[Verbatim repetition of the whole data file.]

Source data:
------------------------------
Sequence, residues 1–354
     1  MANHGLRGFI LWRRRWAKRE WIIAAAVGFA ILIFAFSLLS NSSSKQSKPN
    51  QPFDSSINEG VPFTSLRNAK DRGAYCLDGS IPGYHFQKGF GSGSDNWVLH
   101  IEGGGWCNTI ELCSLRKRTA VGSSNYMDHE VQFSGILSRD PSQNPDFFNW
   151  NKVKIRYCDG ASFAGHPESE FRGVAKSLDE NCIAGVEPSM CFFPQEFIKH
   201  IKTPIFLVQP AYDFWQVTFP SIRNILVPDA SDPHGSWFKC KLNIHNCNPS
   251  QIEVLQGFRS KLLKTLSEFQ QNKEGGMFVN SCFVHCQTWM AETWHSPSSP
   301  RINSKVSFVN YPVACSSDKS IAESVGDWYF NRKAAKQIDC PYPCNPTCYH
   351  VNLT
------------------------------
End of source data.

Sequence, residues 1–354
     1  MANHGLRGFI LWRRRWAKRE WIIAAAVGFA ILIFAFSLLS NSSSKQSKPN
    51  QPFDSSINEG VPFTSLRNAK DRGAYCLDGS IPGYHFQKGF GSGSDNWVLH
   101  IEGGGWCNTI ELCSLRKRTA VGSSNYMDHE VQFSGILSRD PSQNPDFFNW
   151  NKVKIRYCDG ASFAGHPESE FRGVAKSLDE NCIAGVEPSM CFFPQEFIKH
   201  IKTPIFLVQP AYDFWQVTFP SIRNILVPDA SDPHGSWFKC KLNIHNCNPS
   251  QIEVLQGFRS KLLKTLSEFQ QNKEGGMFVN SCFVHCQTWM AETWHSPSSP
   301  RINSKVSFVN YPVACSSDKS IAESVGDWYF NRKAAKQIDC PYPCNPTCYH
   351  VNLT